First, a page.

Just days after a landslide election victory for the Conservative Party, Britain’s Prime Minister Boris Johnson just made a massive and bold announcement: He’ll get laws passed to guarantee plenty of cash for the state-run healthcare system.
The official announcement will likely come Thursday when the Queen, who is the official head of state, will reopen Parliament and outline the coming legislative agenda. Tucked within her speech will be a call for £34 billion ($45 billion) in annual taxpayer money for the National Health Service (NHS).
While other countries embrace their private health systems, the British love their publicly funded NHS, an employer of 1.5 million people, which services the population of 66 million. In general, the people are concerned about the quality of care provided by the NHS and look to the government for solutions, says Mary Macleod, a senior client partner for Korn Ferry’s Board and CEO Services practice and a former Conservative Party MP. “The NHS does become a bit of a political football,” she says. “And to a large extent, everyone in the UK feels that they are stakeholders in it.”
The pledge to secure NHS money will likely bolster Johnson’s political leadership versus the opposition Labour Party. And the move also neutralizes critics that have barraged the Conservative Party with allegations that it would sell parts of the NHS to foreign investors. In other words, pushing a new funding law through Parliament could partially neutralize political opponents.
But the politics of the matter is only part of the announcement’s strength, Macleod says. Promising the NHS years of generous financing will allow the organization to develop a strategy for how it will care for the country’s population for years into the future. In short, Macleod says, it sends a message to the NHS leadership: You can get busy now. “If you now know you are getting the funding, you can plan ahead,” she says.
Johnson’s lack of specifics about how the NHS should spend the money could be a strength. In a sense, he has empowered the organization’s leadership to make the decisions that they deem suitable. “What the prime minister is not doing is defining the solutions,” Macleod says. But she also notes that he will want results in the form of improved service from the organization. “He will hold them accountable,” she says.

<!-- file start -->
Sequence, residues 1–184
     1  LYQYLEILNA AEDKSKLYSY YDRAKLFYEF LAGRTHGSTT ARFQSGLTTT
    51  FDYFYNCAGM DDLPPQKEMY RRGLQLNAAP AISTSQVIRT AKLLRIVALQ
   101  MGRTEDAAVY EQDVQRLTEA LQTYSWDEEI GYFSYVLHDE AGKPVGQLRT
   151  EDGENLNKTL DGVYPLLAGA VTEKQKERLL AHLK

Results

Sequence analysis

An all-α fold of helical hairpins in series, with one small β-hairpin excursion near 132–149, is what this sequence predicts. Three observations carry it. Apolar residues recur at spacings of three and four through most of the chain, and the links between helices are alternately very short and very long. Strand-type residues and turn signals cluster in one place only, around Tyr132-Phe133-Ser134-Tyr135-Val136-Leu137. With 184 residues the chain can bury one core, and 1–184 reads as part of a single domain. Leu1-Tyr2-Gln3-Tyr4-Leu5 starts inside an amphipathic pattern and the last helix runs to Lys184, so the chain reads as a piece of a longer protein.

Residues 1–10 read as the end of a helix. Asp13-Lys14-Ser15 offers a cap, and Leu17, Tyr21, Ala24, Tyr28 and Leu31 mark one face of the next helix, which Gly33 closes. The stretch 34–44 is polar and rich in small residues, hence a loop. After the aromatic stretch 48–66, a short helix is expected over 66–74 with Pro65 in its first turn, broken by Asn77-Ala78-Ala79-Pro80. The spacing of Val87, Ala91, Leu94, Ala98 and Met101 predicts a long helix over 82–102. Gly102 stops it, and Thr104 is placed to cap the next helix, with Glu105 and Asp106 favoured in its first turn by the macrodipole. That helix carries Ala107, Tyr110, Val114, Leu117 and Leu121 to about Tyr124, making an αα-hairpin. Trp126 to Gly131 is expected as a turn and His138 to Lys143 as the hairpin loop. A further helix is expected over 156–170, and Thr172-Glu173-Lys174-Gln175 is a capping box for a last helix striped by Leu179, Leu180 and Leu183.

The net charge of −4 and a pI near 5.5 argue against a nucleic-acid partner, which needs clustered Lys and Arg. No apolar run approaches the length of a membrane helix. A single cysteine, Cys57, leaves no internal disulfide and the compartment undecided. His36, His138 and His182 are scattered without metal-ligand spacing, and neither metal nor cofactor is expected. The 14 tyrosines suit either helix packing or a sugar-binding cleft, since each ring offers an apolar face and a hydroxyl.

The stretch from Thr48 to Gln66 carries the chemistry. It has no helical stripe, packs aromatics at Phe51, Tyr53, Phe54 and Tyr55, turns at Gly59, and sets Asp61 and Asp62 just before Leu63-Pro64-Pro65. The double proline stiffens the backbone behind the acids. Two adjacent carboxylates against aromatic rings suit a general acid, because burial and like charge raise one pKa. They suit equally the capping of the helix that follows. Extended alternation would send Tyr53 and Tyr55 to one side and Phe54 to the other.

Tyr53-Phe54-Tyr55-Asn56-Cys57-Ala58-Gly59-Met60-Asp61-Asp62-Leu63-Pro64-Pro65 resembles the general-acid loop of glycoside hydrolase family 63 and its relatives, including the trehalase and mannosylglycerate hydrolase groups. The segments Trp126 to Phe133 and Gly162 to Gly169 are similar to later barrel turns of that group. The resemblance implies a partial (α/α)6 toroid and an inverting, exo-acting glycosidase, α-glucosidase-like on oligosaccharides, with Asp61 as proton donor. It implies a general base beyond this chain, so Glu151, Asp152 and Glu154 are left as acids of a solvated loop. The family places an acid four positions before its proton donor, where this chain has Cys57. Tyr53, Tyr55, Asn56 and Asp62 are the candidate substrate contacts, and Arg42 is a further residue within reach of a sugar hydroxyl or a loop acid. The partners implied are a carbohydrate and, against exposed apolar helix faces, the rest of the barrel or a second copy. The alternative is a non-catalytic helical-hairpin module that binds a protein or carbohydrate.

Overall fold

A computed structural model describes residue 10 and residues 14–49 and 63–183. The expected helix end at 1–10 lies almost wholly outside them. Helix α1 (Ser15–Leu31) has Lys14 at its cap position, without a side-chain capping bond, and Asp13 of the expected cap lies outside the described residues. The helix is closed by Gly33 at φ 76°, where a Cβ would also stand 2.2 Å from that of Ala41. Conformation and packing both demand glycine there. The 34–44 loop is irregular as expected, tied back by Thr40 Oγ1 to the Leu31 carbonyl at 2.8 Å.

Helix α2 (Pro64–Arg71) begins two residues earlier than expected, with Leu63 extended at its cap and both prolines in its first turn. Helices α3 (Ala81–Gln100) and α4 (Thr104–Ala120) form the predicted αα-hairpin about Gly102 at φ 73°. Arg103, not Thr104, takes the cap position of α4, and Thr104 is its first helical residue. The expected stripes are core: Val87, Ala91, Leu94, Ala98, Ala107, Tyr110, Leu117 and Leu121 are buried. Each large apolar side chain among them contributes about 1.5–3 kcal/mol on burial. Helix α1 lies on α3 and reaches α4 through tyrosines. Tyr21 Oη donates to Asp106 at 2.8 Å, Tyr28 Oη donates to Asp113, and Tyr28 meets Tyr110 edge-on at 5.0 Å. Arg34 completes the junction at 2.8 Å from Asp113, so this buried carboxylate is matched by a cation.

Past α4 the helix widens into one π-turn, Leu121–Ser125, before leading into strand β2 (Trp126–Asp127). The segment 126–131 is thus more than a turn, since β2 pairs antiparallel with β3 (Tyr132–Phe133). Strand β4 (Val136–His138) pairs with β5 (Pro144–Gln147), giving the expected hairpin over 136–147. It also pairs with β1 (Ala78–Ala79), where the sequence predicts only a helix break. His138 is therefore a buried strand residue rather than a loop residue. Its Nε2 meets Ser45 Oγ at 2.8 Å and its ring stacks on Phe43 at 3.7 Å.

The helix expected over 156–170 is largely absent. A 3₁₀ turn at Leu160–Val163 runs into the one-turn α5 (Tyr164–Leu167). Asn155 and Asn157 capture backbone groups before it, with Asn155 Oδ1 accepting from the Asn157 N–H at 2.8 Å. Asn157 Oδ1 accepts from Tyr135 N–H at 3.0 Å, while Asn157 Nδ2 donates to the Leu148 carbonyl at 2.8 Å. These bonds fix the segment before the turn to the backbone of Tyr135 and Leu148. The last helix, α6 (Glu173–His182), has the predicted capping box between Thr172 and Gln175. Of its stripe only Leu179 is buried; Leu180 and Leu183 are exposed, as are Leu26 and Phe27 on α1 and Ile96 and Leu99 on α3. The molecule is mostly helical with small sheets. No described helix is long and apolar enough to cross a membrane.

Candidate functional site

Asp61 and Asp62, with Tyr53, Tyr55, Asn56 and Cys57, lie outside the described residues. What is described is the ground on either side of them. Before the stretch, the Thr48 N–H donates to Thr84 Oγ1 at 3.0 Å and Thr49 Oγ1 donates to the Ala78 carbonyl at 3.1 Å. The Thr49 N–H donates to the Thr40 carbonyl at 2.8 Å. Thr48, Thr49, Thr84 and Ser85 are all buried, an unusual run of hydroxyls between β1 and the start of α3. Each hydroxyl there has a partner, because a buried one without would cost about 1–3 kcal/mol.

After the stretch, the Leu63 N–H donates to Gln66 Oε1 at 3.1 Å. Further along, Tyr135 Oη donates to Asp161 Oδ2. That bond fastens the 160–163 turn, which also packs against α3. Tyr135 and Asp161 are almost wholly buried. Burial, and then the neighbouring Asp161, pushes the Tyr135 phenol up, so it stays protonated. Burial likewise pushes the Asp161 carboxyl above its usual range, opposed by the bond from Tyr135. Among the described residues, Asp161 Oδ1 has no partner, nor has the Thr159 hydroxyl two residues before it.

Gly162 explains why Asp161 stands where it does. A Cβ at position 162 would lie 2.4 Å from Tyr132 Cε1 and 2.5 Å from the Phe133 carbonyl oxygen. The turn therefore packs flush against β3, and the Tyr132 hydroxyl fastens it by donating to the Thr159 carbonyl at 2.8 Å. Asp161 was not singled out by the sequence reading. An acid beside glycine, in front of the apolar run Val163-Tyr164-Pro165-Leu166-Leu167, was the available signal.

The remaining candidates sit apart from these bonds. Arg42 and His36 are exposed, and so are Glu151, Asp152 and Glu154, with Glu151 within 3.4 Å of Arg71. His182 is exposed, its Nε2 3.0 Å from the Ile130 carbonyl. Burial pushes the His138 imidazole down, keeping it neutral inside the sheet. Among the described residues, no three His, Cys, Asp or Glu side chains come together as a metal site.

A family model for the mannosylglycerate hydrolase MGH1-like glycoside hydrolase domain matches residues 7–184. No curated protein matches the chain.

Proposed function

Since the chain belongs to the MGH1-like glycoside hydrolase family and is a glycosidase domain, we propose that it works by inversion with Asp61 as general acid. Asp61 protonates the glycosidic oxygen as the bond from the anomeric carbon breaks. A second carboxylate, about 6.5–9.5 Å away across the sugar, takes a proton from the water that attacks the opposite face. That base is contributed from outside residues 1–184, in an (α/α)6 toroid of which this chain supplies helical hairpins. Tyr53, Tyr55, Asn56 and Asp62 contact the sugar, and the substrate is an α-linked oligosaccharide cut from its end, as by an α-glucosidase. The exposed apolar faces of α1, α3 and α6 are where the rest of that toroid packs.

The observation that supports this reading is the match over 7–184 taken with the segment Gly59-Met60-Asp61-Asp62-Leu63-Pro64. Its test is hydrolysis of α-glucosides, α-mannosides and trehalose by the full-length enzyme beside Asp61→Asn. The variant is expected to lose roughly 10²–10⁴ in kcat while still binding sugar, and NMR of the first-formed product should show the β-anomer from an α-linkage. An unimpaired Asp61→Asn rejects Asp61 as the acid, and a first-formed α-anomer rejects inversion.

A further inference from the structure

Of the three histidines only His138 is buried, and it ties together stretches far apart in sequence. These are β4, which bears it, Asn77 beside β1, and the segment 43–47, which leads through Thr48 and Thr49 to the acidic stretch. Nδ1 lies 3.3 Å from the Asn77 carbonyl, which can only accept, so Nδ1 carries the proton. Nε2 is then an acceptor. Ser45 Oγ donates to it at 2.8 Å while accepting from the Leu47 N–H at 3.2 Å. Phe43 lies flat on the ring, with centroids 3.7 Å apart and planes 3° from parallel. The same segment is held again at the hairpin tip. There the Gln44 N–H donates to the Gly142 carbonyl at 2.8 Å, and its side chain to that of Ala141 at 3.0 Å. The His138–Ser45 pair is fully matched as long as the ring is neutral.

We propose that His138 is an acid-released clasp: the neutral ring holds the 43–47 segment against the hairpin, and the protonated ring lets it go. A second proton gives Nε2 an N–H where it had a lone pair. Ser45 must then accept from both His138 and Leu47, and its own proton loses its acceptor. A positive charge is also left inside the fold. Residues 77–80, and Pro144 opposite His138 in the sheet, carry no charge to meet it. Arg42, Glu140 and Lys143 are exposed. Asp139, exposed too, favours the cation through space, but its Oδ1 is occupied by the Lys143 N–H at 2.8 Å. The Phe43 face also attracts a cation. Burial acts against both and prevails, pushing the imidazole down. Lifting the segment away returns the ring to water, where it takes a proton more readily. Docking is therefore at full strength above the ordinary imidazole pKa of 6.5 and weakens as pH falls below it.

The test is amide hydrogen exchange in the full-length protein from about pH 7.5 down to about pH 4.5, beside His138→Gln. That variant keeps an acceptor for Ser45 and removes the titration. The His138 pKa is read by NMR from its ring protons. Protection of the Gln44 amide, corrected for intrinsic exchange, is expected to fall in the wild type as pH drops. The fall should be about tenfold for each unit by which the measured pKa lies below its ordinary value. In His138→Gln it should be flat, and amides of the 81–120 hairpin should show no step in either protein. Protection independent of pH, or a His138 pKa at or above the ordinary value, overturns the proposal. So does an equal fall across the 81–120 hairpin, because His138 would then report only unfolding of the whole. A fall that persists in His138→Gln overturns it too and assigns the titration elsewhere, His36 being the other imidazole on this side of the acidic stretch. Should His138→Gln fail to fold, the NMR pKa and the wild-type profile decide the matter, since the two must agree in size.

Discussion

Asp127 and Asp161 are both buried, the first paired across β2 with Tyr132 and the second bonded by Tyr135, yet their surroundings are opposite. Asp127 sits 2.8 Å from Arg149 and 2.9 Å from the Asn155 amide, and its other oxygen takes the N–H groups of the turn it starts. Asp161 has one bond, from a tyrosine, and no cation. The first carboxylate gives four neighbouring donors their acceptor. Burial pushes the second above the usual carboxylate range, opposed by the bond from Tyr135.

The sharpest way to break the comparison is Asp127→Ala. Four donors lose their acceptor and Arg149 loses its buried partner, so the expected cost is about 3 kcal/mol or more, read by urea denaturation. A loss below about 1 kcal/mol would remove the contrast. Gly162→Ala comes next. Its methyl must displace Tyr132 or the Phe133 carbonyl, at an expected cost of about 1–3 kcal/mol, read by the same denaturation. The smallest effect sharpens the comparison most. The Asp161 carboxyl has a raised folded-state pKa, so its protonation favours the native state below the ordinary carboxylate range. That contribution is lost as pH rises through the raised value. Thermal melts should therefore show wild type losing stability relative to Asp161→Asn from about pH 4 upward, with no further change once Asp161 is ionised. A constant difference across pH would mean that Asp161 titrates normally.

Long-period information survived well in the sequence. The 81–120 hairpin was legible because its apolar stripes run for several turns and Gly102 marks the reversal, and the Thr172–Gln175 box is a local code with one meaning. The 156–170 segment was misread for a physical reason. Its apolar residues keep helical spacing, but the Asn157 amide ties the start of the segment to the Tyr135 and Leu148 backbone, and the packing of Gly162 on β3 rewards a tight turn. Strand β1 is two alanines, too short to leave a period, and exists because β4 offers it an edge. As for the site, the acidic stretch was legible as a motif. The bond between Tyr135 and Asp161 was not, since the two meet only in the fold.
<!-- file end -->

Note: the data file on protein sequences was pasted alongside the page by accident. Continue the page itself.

While there are benefits when leaders take bold steps, there are also risks, says Christina Harrington, Korn Ferry’s head of advisory services in Stockholm, Sweden. She says it is good for leaders to act quickly and with conviction, as the public expects that of its leaders. But that alone isn’t enough. She says the problem comes when there’s too much ego involved. “You need an egoless conviction to drive a decision making the greater good,” she says.
Ideally, the driver of proposed changes needs to have a long-term vision of something better than the current situation. If that vision is lacking, then the leader may lack the required stamina to get the job done. Indeed, if headline-grabbing is all that the boss wants, then he or she might wind up doing a U-turn. “If there isn’t a long-term vision, then another fast decision may come in the other direction,” Harrington says. “And that’s what we see a lot of.”